"As I learn more about the history of life science sector in Texas, over the past 20 years there has been an impetuous to build up this critical mass of companies here to really make it a strong hub that competes with the energy sector to make it a pillar of the economy here," Mack says.

One of the things that's top of mind for Mack is a focus on diversity — both from an entrepreneurship and a representation standpoint.

"From a research perspective, there's a strong effect of having a lack of diversity in a lot of the metrics we're looking at," she shares.

Mack says innovation is driven by data, and data, especially when your using that information to treat a diverse group of people, needs to be representative. And Houston is a great place to make that happen.

"What information are we putting into those datasets? If it only represents a homogenous population, it certainly can't be applied to the real world," Mack says. "There's a need to be much more inclusive into what we're analyzing. Houston, in terms of its population, is highly diverse — and we can speak about it ethnically and from an economic standpoint."

Mack shares more of her big picture vision for JLABS @ TMC on the episode, as well as what her early impressions of Houston have been so far. Listen to the full interview below — or wherever you stream your podcasts — and subscribe for weekly episodes.


Lenny Saizan — along with three other Houston innovation leaders — founded Urban Capital Network to increase diversity and inclusion within the venture capital space. Photo via urbancapitalnetwork.com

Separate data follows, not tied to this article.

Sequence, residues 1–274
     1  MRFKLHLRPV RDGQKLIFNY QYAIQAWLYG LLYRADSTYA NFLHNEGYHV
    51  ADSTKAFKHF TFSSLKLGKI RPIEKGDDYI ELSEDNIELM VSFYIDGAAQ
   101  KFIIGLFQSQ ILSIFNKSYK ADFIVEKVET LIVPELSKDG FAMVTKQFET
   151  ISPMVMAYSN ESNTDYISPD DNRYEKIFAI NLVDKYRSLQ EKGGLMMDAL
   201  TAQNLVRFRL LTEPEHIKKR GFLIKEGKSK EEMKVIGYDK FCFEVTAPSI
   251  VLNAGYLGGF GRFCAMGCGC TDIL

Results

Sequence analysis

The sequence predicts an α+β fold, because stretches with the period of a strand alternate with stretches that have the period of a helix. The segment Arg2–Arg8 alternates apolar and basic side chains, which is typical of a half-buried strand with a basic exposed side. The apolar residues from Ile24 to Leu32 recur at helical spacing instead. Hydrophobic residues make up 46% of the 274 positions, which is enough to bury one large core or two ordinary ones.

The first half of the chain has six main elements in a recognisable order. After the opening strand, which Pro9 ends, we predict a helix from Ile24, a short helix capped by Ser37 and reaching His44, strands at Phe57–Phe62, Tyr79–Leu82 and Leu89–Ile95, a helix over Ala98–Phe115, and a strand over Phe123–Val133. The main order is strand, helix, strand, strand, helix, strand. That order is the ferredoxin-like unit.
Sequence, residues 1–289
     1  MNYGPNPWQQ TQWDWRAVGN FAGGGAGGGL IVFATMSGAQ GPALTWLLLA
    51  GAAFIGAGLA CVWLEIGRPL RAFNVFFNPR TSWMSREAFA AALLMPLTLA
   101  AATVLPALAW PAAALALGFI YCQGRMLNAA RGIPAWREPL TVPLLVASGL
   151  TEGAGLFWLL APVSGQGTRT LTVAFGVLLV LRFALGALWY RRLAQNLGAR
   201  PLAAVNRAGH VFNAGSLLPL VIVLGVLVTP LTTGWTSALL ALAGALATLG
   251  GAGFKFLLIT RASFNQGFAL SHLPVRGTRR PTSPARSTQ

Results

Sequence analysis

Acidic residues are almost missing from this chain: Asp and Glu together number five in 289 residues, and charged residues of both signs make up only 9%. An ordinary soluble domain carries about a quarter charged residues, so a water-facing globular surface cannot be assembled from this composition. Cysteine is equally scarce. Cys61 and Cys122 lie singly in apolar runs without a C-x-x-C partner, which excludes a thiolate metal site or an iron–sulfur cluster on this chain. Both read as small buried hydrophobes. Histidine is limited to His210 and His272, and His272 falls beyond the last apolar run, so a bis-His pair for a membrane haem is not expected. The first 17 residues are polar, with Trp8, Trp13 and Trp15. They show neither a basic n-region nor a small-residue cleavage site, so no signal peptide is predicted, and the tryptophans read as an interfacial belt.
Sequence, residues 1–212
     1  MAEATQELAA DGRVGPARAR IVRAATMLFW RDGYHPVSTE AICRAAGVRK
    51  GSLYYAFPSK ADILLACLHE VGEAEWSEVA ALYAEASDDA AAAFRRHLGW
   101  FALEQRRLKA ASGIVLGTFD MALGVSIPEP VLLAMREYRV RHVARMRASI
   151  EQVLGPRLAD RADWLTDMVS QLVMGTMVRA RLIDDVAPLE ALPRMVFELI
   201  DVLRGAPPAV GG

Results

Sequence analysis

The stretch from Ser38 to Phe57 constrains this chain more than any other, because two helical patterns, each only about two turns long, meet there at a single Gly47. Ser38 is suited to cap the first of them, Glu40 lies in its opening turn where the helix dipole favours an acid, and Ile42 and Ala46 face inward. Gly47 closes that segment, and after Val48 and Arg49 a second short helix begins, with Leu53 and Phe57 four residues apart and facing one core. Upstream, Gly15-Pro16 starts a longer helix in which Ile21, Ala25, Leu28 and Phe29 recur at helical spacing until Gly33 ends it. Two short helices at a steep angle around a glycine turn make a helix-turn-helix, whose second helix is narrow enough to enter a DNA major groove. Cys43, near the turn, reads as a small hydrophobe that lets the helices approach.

This investor is democratizing access to venture capital deals in Houston while promoting inclusion

HOUSTON INNOVATORS PODCAST EPISODE 47

The Urban Capital Network, which launched in Houston earlier this year, gets the best of both worlds. Not only is the group working with venture capital firms as a limited partner, but, operating as a hybrid investor, UCN also is funding startups directly — using both avenues to promote diversity and inclusion.

"We can be described as a hybrid between an angel investment group and a small VC firm," says Lenny Saizan, co-founder and managing partner of Urban Capital Network. "Our mission is to democratize access to premium VC-backed investments."

By forming relationships with VC funds — specifically ones that value UCN's diversity and inclusion platform — the group's network of investors can form syndicates, or group investments, to work with these funds on deals they otherwise couldn't afford to invest into. The VCs benefit in that they have access to new limited partners.

Saizan says UCN has raised $3 million in six months, and all that's been invested.

"We take a portion of our proceeds and invest in entrepreneurs of color, and we also donate to nonprofits that provide support resources for those entrepreneurs," Saizan says on this week's episode of the Houston Innovators Podcast. "We're completing the cycle. We find that it's easier to go to a VC and offer to give them money and also help them diversify their investor portfolio."

Saizan has three business partners, who each provides their own expertise to UCN: Heath Butler, network partner at Houston-based Mercury Fund; Felix Chevalier, founder of The Chevalier Law Firm; and Dr. Eric S. Tait president of Vernonville Asset Management.

Saizan discusses some of the challenges and opportunities the pandemic has provided UCN and where he and his co-founders are planning to take the investment group in the episode of the podcast. You can listen to the full interview below — or wherever you stream your podcasts — and subscribe for weekly episodes.

The Equity Innovation Center Powered by Reliant will have online resources as well as an interactive learning lab at Tellepsen Family Downtown YMCA. Photo courtesy of Urban Land Institute Houston

YMCA of Greater Houston announces equity-focused innovation center backed by Reliant